"Helen's mantra was 'the open opportunity society'. But Mmusi argues that yes, we need merit-based advancement, but we don't have a level playing field yet. And the party needs to acknowledge that and adapt its policies accordingly," a DA MP told HuffPost SA.

A provincial office bearer in KwaZulu-Natal says race can no longer be a hypothetical agenda point and even though Maimane seems to be committed in distancing the party from Zille's views on colonialism -- and the accompanying racial implications -- the jury is still out on his true convictions. "He announced that members will have to take a pledge against racism and that the DA will pursue what is tantamount to quotas for public representatives. It caused a huge ruckus in the party. But what's happened since? Not a lot."

The party needs to get its act together . . . people are thirsty, praying, yearning for changeFormer DA leader Tony Leon

This person says the rapid evolvement of the DA's position on race would not have happened organically but that Zille has now given Maimane the opportunity "to knuckle down" and change the party's trajectory.

"It's extremely complicated and nuanced, but we simply cannot be seen to be a party that only protects the interests of white people," the MP said. "Yes, we do expect to shed some conservatives, some Zille supporters. They will likely vote for the Freedom Front Plus. But that's okay."

Tony Leon, Zille's predecessor, says if the DA is unable to take full advantage of an ANC tearing itself apart "history will judge the party harshly".

"The party needs to get its act together. The ANC are imploding and another split could cost them 7%, 8% in the next election. If the DA can breach 30% support they absolutely must do a coalition deal, even if it's a minimum, bare-bones deal. People are thirsty, praying, yearning for change," he told HuffPost SA.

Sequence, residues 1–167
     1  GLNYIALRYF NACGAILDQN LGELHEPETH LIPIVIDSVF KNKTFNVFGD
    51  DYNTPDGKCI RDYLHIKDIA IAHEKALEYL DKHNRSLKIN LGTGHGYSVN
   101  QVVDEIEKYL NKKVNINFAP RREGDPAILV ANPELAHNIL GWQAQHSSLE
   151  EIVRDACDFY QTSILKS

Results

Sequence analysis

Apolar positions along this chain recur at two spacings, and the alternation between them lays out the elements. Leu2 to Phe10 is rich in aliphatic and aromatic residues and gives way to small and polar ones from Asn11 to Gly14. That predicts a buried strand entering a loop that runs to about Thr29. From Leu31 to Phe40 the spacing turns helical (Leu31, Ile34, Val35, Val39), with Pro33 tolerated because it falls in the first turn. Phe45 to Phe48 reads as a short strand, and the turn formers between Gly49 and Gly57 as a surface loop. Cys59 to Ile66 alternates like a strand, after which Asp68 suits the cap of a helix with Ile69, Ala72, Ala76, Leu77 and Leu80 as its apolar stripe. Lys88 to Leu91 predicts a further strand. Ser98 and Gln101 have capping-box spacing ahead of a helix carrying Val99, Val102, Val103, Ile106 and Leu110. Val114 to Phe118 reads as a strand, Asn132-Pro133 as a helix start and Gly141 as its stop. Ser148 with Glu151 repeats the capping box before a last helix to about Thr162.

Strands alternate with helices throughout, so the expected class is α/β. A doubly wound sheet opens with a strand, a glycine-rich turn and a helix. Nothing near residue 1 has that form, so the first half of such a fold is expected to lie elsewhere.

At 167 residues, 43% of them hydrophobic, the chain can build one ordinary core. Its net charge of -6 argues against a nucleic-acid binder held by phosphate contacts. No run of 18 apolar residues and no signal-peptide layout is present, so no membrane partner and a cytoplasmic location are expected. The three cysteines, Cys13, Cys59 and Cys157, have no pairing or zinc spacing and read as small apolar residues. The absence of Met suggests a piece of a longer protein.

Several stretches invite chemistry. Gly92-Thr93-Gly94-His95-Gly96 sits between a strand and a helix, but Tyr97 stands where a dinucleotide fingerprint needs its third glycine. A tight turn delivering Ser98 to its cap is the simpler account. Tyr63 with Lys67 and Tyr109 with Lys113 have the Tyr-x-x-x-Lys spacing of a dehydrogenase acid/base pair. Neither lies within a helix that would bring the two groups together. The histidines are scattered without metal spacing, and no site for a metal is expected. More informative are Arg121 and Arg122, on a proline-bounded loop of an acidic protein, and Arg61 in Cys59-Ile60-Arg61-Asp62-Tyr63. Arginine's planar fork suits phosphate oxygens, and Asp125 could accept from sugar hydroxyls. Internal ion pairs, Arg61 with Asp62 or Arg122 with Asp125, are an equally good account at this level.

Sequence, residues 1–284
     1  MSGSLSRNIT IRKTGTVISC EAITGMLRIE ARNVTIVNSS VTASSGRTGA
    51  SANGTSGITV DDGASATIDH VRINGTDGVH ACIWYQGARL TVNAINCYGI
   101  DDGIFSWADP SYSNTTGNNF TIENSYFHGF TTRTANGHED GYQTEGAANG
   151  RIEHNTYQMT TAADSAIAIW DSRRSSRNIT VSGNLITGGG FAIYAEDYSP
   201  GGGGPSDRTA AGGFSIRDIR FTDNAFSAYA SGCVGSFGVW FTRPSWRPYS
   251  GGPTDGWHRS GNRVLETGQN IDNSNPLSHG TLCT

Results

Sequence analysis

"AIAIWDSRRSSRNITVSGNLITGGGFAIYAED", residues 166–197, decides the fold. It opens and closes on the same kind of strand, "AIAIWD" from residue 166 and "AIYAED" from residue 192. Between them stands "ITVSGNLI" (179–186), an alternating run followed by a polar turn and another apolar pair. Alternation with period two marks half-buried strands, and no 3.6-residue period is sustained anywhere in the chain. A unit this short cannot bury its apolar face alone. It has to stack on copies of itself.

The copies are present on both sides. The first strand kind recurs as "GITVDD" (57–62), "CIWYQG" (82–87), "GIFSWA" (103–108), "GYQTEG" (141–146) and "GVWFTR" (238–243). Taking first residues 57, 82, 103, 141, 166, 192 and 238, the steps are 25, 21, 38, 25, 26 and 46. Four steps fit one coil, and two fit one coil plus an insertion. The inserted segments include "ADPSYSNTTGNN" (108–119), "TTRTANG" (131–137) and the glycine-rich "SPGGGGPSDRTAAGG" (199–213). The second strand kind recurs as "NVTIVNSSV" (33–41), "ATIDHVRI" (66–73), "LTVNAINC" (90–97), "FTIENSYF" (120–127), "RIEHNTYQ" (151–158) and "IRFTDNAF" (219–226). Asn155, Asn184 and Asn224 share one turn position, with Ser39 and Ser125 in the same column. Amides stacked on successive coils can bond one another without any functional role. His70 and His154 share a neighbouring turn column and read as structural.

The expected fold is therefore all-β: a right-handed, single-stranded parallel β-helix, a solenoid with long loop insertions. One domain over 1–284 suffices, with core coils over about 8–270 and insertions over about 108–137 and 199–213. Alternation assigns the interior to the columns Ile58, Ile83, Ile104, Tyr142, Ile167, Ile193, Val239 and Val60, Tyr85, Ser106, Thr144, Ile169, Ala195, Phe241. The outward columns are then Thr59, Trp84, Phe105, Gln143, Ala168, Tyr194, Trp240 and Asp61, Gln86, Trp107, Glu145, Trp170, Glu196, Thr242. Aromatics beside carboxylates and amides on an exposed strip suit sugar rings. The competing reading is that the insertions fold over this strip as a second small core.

Polls Show Tweets Have Hurt The Party

The DA's internal polls have revealed that Western Cape premier Helen Zille's tweets on colonialism tanked the party's favourability among potential black voters, say insiders.

This has imperilled the party's strategy to be able to govern four provinces in 2019, two in toto and two in alliance with other opposition parties. The DA is in a concerted push to govern after the 2019 national election and it is polling potential new voters.

A jewel in the crown will be Gauteng which the DA believes it can win outright. The city-based province is home to three metro councils and the party already governs two of these in coalition.

Party polls show that until Zille's tweets, the DA was on track. But the tweets have derailed the growth trajectory. This explains why the DA is in a rush to get Zille out of the way and why party leader Mmusi Maimane is trying to separate the party from the premier.

"There has been regression in the DA's favourability among black voters," confirmed a member who had seen the polls. He said potential voters did not understand the sophistry about Zille's arguments with regard to colonialism's legacy but only understood the tweets as a justification for colonialism and, by extension, for apartheid. -- Ferial Haffajee

Leon's philosophy seems closer to Maimane's than Zille's and he says to achieve political change you must first achieve political power. "We decided, under my leadership, that we mustn't simply be progressive, as noble a cause as it might be, because we were nothing but an ineffectual pressure group. You need to prepare for government and you need to adapt accordingly."

The KZN office bearer says this is Maimane's moment of truth: "He mustn't show any weakness now. Nobody wants to follow a weak leader."

Maimane, before he was elected DA leader in May 2015, said he admired Zille for sticking to her principles and that he wanted to emulate her. There are moments where leaders need to be able to stick to those principles, he said, regardless of public opinion and regardless of the outcome.

This is such a moment.